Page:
Portlandia Goes Out With A Bang

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The end is near. In mere days Portlandia wraps up its final season, and oh what a season it’s been. Lucky for you, you can watch the entire season right now right here and on the IFC app, including this free episode courtesy of Subaru.

But now, let’s take a moment to look back at some of the new classics Fred and Carrie have so thoughtfully bestowed upon us. (We’ll be looking back through tear-blurred eyes, but you do you.)

Couples Dinner

It’s not that being single sucks, it’s that you suck if you’re single.

Cancel it!

A sketch for anyone who has cancelled more appointments than they’ve kept. Which is everyone.

Forgotten America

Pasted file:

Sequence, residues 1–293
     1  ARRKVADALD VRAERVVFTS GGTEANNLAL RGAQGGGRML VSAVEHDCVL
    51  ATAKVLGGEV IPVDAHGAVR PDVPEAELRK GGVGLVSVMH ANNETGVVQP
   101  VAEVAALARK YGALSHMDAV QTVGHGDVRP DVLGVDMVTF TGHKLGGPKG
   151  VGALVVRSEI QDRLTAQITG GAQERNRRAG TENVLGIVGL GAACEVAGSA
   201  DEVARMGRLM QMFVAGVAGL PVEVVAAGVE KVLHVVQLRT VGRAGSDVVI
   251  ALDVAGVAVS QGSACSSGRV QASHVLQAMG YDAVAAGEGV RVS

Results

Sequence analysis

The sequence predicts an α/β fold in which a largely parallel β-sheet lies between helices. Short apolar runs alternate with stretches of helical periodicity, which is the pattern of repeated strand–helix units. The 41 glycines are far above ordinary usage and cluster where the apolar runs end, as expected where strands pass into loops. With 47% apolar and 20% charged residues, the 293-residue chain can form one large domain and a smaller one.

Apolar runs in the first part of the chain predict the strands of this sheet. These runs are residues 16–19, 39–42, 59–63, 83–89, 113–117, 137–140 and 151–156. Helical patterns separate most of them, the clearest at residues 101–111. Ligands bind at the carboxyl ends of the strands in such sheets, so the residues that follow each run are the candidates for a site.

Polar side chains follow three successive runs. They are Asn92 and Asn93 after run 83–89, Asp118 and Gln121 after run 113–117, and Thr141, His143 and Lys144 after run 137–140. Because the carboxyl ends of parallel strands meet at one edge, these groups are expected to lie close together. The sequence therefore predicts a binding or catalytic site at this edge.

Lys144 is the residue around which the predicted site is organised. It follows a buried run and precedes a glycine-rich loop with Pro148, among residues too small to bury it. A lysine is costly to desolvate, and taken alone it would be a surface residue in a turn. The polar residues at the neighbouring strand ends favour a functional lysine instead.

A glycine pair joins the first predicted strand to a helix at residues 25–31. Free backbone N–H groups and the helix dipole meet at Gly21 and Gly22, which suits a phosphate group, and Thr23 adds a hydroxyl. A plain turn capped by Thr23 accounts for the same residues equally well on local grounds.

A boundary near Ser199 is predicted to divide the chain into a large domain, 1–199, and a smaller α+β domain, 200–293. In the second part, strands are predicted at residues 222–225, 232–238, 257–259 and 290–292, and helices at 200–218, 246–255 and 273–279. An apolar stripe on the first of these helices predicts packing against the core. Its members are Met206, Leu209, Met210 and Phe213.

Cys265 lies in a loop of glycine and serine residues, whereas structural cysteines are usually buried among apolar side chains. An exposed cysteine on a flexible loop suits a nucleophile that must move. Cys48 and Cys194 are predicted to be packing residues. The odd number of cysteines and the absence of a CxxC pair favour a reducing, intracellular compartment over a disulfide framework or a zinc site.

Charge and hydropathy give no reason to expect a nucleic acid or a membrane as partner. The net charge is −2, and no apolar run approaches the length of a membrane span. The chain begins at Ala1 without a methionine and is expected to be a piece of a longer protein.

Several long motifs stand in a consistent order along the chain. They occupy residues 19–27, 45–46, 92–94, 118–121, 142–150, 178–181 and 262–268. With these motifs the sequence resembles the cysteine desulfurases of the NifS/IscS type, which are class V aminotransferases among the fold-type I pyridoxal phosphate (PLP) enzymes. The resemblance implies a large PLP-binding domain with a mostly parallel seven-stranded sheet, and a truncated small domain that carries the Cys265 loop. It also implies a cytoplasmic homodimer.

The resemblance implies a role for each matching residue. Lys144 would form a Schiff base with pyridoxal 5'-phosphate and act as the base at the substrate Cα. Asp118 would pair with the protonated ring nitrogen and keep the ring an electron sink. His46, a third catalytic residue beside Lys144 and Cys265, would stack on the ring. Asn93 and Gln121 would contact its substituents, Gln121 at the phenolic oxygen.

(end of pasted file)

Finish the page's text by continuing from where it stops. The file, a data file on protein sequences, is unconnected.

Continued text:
This one’s a “Serial” killer…everything both right and wrong about true crime podcasts.

Wedding Planners

The only bad wedding is a boring wedding.

Disaster Hut

It’s only the end of the world if your doomsday kit doesn’t include rosé.

Catch up on Portlandia’s final episodes on demand and at

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Your Portlandia Personality Test

The New Portlandia Webseries Is Going Your Way

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Carrie and Fred understand that although we have so much in common, we’re each so beautifully unique and different. To help us navigate those differences, Portlandia has found an easy and honest way to embrace our special selves in the form of a progressive new traffic system: a specific lane for every kind of driver. It’s all in honor of the show’s 8th and final season, and it’s all presented by Subaru.